How to Kill a Living Dinosaur. The Epitome of Disconnect?
I saw a Leatherback Sea Turtle. I did! And I don’t know if I can ever be the same again.
It happened on July 25th, while I was a member of Fisheries and Oceans Canada’s (DFO) Marine Mammal Research Section aboard the Canadian Coast Guard Vessel J.P. Tully. We surveyed up to 138 nautical miles (256 km) west of Vancouver Island. The purpose of the DFO survey was to increase knowledge about at-risk marine mammal and turtle species’ distribution and abundance.
Can you imagine the wonder, the euphoria, the astonishment, the sense of privilege at seeing this endangered giant that is a living dinosaur?
Here’s how it unfolded. It was at the end of the survey day around 8:02 PM on July 25th. I had finished my shift but was still having a discussion on the port side of the bridge. Suddenly, the Third Officer Brent Seamone said, from the other side of the bridge, “Hey, it’s a turtle!”
With all I had, I rushed to the other side of ship (apologies to any fellow crew members who may have been bruised as a result). And there it was . . . a shadow just under the surface, gliding away from the ship. I stared down its ridged back. Time seemed frozen, suspended for a turtle heartbeat or two. My synapses firing, my adrenaline surging, my brain questioned – could it really be true? And it was. In the vastness of the NE Pacific Ocean we had chanced upon a male Leatherback Turtle. This was the first known sighting of this endangered species in BC waters in two years* (and also reported to I-866-I-SAW-ONE).
Leatherbacks belong in the rich waters off BC’s coast, coming all the way from Indonesia to feed on jellyfish. I knew this well having only just launched the resource “Leatherbacks in BC” to raise awareness about these giants and the risks they face.
I marvelled at the incredible good luck of it – finding a proverbial needle in such a very large and deep haystack – but of course also that I happened to be on the bridge when I was. My dear friend who works so hard for Leatherback conservation and with whom I wrote the resource, had left the bridge mere minutes before the sighting. How wonderful it would have been for the Chief Scientist to see the turtle too.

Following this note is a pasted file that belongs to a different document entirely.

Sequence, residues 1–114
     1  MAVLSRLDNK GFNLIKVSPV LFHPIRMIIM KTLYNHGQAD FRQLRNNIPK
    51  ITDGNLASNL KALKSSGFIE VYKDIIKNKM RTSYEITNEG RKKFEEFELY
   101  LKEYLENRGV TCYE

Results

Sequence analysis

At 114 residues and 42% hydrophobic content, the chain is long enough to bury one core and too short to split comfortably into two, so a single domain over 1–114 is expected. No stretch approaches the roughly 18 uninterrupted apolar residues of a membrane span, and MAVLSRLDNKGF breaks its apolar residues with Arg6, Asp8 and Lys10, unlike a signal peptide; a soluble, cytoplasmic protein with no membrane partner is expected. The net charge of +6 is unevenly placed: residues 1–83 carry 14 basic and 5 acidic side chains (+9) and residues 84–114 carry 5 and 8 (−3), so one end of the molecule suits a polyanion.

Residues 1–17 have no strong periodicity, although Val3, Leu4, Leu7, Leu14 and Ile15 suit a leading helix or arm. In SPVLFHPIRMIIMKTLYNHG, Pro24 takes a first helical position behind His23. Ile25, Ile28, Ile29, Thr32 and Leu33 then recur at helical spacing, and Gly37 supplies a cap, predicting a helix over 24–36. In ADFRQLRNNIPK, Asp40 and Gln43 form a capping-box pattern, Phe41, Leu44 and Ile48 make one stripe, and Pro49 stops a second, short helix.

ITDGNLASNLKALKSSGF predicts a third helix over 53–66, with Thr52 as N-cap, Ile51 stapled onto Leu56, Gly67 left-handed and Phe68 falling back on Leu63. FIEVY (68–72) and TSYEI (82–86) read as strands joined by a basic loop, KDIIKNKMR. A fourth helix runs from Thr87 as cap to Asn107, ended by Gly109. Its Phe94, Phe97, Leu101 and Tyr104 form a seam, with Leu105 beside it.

I don’t have a photo. I wish I did to make the next part of what I have to share more impactful. Yes, now comes the “How to kill a living dinosaur” part.
Only a few days earlier, we retrieved these from the ocean – Canada Day balloons drifting out at sea in Leatherback habitat 20 days after Canada Day.
It was already our intent to have these images go widely into the world in the hope that it might make more realize that plastics (especially plastic bags) and balloons can kill endangered Leatherback Turtles (and other marine species). Sea turtles cannot discern these from their jellyfish prey. In fact, in a global study of 408 dead Leatherback Turtles, more than 30% had plastics in their intestines (Mrosovsky et al, 2009).
You can imagine my increased motivation for awareness now.
Of course we don’t know the backstory on these balloons – where they came from or if there was any attempt to retrieve them.
We do know that it is a far too common a practice to “celebrate” by releasing balloons into the air e.g. as symbolization when someone dies and even to mark an environmental event (yikes!!!)
But of course, unless items are biodegradable, there is no “away”. There is no throwing “away”, flushing “away” or . . . drifting “away”. There is a cost to other species, and ultimately, to ourselves.
What I hope these images and words do, is increase this knowledge. Please could you help?
The solutions are simple, please help increase awareness that #balloonsblow and #plasticspollute.
For more on the wonder that is Leatherback Turtles in BC, please see www.LeatherbacksInBC.org.
* Last reported sighting of a Leatherback Turtle in BC waters prior to this was August 20, 2014 off SW Vancouver Island.